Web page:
Game three, I got hit with another “Let Loose” but I ended up surviving it and set up my board. The main problem however, was that I could not find Welder to set up my attackers. I used Heat Factory for a couple turns and kept whiffing Supporters. I still was in a good position until he made a clinching play where he used Acerola on his Active Grimer, then played two Electropower, used Dedenne-GX’s Ability, then found the third Electropower to use “Tag Bolt” for 290 to knockout my Active Charizard. I could not find Welder and Choice Band to respond and just ended losing.

After this set, I was kind of frustrated since that matchup is favorable, but I didn’t really let it get to me since it’s just Pokémon, where stuff won’t always go your way.

Round 5 (2-2-1)

I hit a Blacephalon/Jirachi deck, which was honestly my worst matchup next to Naganadel/Quagsire. “Fireball Circus” having the potential to one-shot my ReshiZard is just a pain to deal with. I ended up getting 2-0ed pretty quickly. I prized Lt. Surge’s Strategy both games, which just killed my comeback potential. My plan was to use Surge into Green’s Exploration into Judge and Field Blower to mount a comeback.

After this round, I was 2-2-1 and pretty disappointed. I was questioning my own deck choice, and was even wondering if the deck was that good of a play at all. Despite this, I kept at it. I knew I needed to stay mentally tough to achieve my invite, and/or even to have a chance at Day 2. At this point, I needed to go 3-1 or better to earn my invite, or win four straight to make Day 2.

Rounds 6-9

This is where everything turned around. I hit Zoroark decks in rounds six and eight and I 2-0ed each player very easily since the matchup is favorable. I beat an Umbreon/Hoopa/Spiritomb deck in round seven, 2-0ing that deck easily since my deck was out-trading his with single-prized attackers. I even got my revenge on a PikaRom deck in round nine, getting to set up my board and taking the series pretty easily.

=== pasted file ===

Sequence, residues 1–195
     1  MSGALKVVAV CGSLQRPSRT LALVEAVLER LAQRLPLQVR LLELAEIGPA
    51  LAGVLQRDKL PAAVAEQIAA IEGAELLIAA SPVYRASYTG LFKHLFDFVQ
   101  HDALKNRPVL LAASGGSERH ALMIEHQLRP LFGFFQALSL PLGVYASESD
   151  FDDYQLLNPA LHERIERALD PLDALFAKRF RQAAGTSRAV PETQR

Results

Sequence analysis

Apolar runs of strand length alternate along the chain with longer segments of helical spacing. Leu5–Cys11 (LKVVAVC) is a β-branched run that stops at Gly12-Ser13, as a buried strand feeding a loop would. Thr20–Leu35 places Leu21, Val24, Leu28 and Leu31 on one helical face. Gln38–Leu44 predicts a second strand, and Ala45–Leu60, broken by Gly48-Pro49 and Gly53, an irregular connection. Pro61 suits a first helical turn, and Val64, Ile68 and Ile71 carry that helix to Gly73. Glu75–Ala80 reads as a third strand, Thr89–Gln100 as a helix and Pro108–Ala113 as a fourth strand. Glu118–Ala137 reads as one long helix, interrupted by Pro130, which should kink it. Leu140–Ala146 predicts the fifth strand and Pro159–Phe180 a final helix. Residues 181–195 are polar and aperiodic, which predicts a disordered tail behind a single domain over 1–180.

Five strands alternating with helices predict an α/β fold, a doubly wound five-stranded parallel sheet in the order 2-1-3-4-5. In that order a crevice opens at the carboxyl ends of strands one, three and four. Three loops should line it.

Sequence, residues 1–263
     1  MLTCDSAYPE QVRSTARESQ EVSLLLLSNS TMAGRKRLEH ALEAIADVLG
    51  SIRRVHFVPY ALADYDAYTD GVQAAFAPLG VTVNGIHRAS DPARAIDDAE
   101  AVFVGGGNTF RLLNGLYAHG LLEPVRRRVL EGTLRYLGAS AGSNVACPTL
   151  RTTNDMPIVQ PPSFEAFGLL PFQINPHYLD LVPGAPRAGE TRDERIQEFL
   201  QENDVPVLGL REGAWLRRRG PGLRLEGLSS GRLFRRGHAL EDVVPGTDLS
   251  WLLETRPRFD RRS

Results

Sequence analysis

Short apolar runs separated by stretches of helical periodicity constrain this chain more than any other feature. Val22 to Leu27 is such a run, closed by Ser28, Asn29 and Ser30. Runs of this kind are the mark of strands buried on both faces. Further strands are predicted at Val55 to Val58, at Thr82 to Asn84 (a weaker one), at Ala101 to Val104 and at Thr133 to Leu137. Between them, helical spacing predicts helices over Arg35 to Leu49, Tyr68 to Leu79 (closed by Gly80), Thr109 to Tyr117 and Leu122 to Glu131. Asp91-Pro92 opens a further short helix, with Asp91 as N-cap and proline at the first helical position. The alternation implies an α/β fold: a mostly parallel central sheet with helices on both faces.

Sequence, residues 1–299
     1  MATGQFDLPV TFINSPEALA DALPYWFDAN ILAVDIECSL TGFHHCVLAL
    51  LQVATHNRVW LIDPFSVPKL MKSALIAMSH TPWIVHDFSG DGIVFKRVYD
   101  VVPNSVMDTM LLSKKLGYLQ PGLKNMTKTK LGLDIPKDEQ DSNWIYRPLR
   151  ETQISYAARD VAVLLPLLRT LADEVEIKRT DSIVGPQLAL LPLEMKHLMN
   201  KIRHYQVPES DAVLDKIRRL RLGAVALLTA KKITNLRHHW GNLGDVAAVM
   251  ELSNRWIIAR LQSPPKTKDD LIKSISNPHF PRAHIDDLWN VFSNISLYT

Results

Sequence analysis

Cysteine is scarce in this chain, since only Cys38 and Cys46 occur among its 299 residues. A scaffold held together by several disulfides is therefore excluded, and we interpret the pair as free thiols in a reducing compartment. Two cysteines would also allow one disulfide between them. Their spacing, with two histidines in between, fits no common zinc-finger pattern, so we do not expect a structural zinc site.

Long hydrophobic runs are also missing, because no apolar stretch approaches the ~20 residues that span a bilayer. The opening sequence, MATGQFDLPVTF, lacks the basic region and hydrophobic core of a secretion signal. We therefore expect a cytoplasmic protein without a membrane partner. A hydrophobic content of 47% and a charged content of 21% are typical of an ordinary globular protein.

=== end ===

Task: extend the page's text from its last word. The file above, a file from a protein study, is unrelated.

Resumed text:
At this point, I was 6-2-1, and I considered pretty fortunate to make Day 2. I had achieved my goal by guaranteeing points and earning my Worlds invite, and it cleared my mind now that I was over that hurdle.

Day 2

Going into Day 2, I just wanted to do well as I could knowing that I had nothing to lose.

R10 (6-2-1)

I played against my fourth Zoroark deck and I easily 2-0ed this one, like the others I played. My opponent was playing a control version of the deck, but the problem for him was that he did not run Choice Band to two-shot my Eevee & Snorlax-GX.

R11 (7-2-1)

I played against a Vileplume/Stall deck. In game one, he went to the lone Vileplume strategy, so I waited for a turn where I found a Green’s Exploration to find my Stealthy Hood. His hand was dead after he set up his Plume, so I eventually found the Stealthy Hood and took out his only Pokémon in play. Game two was pretty uneventful for Aaron. He started Lucario & Melmetal-GX and pretty much dead drew through the entire game.

R12 (8-2-1)

I was playing against my toughest matchup again in Blacephalon/Jirachi. It was against a perennial Worlds competitor Roberto Lozada, so I knew it was going to be extremely tough to beat him. In game one, I pretty much got destroyed. He didn’t miss a single beat. In game two, I got to use five Volcanion and I pulled ahead to win the game. Game three, he did not start Jirachi and this made his start pretty slow. I ended up using a ReshiZard, two Volcanion and an Eevee & Snorlax-GX this game. He ran out of steam at the end and could not close out the game.

R13  (9-2-1)

I hit another very good player in Preston Ellis, who was playing Plume with Green’s Exploration. I had my Stealthy Hood for this matchup so I knew I had the advantage. Game one, I ran through him pretty easily. In game two, he had a great start by setting up two Vileplume. His win condition was using Field Blower/Faba to remove my Stealthy Hood while having the second Vileplume. I knew he had the Tool removal in his hand, so I had to wait until I had Judge and Stealthy Hood in my hand to counter that strategy. I judged him and took out his Active Vileplume and he did not draw into the Tool removal. The funny thing is that he prized his Field Blower. He had two Gladion in his deck, so prizing the Blower actually increased his odds of hitting Tool removal. Once I knocked out both Vileplume, I pretty much sealed the game since his walls couldn’t survive ReshiZard’s power.